Constitution Day Surveys Confirm Decline in Civic Knowledge and Constitutional Literacy

Two surveys released in honor of Constitution Day 2016 – one from the Center for Civic Education and the other from the Annenberg Public Policy Center at the University of Pennsylvania – confirm that Americans lack a basic understanding of the United States Constitution and our system of government.

On September 14, 2016, the Center for Civic Education and Professor Diana Owen of Georgetown University released the result of their Constitution Day survey, which showed that while Americans do not know much about the United States Constitution, they do, at the very least, support its basic ideas.

The full survey results can be found here.

Some key findings from the survey include –

  1. Only 14% of Americans think they know a lot about the Declaration of Independence and Constitution. 86% of respondents are aware that they are not well-informed regarding our nation’s foundational documents.
  2. The survey revealed that the greater the knowledge of the Constitution, the greater the acceptance of its basic ideas. For example, 84% of those who know a lot about the Constitution think that all citizens should have equal political rights compared to 67% of those with little knowledge.
  3. A large majority of Americans (80% +) support elements of the Constitution and its amendments that protect the rights to freedom of belief and expression; the protections of due process of law for the rights to life, liberty, and property; the equality protection of the law; and political equality.

The Annenberg Public Policy Center at the University of Pennsylvania found in their annual Constitution Day survey that only a quarter of Americans can name all three branches of government, the poorest showing on that question in a half-dozen years. They also found that nearly a third of Americans cannot name any of the three branches of government. Last year, the APPC survey found that about one in 10 Americans (12 percent) says the Bill of Rights includes the right to own a pet. (For the record – it does not!)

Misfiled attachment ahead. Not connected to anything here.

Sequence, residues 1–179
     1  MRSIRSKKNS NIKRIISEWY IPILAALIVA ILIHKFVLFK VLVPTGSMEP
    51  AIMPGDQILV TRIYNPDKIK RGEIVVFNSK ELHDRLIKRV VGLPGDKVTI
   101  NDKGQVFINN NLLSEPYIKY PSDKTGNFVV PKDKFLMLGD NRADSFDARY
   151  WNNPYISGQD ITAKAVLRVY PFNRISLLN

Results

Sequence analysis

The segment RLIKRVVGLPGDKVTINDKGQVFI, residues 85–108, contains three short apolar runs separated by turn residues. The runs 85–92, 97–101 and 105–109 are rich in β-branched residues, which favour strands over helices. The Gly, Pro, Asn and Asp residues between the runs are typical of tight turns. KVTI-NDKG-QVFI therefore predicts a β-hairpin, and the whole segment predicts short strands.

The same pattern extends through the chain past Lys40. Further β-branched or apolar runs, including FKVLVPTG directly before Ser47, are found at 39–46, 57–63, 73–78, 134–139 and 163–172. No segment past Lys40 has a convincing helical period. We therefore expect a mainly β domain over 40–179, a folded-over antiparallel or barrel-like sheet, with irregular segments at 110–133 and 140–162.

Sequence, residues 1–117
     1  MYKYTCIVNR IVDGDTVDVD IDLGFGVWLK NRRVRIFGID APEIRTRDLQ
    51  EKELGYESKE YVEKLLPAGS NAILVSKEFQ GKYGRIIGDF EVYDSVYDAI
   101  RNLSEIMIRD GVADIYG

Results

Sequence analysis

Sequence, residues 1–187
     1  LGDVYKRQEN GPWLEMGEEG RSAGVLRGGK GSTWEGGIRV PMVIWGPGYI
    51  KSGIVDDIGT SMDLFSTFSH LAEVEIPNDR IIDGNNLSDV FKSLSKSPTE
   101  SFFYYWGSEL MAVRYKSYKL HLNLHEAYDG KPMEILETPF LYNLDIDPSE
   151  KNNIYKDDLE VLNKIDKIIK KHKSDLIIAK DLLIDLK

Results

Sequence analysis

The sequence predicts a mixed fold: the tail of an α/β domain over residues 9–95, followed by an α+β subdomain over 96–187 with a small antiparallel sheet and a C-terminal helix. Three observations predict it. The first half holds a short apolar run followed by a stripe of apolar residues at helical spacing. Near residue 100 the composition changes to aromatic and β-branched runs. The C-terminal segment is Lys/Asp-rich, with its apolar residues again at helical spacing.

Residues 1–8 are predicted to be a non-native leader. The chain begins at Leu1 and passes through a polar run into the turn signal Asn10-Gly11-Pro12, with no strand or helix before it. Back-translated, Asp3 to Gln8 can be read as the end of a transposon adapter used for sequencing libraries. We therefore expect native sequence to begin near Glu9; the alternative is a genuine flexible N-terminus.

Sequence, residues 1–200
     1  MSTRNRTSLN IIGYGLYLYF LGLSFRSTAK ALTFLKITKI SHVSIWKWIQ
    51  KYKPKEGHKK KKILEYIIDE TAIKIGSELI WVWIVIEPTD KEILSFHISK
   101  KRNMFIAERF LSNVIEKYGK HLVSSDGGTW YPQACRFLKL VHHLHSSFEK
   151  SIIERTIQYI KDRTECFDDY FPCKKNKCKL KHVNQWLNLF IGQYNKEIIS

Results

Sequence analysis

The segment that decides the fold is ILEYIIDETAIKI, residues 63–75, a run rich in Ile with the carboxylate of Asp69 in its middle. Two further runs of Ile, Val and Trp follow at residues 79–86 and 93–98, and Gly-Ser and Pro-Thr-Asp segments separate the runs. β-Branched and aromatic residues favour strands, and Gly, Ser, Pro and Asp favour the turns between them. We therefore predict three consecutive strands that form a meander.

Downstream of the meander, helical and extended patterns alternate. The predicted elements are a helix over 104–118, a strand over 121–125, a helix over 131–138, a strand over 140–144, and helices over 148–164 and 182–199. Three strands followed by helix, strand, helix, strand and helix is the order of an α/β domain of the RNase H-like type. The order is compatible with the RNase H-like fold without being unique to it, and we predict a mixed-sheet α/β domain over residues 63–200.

Other key findings include –

Of war, taxes and religion

In a series of multiple-choice questions, Americans were divided over what the U.S. Constitution says about which branch of government has the power to declare war, but clearer on what it says about taxes and religion:

  • Nearly 4 in 10 (39 percent) incorrectly said that the Constitution gives the president the power to declare war. Over half (54 percent) knew that the Constitution gives Congress the power to declare war.
  • A vast majority (83 percent) correctly said that the Constitution gives Congress the power to raise taxes.
  • A majority (77 percent) know that the Constitution says that Congress cannot establish an official religion – though almost 1 in 10 agreed with the statement that the Constitution says, “Congress can outlaw atheism because the United States is one country under God.”

The Supreme Court and a free press 

Americans were divided about what happens if the Supreme Court ties 4-4 on a case, which is more likely to happen under the current eight-member court with one seat unfilled. A third of people (33 percent) correctly said the decision of the lower court stands, a third (32 percent) said the case is sent to the “Federal Court of Appeals” for resolution, and 21 percent said the justices must vote until the tie is broken.

The First Amendment prohibits the making of any law “infringing on the freedom of the press.” But 40 percent of those questioned favored the idea that Congress could forbid the news media from “reporting on any issue of national security without first getting government approval.” More than half (55 percent) opposed such restraints.

If you’re disturbed by these statistics, I encourage you to join the organizations working every day to address the troubling decline in civic knowledge and constitutional literacy.

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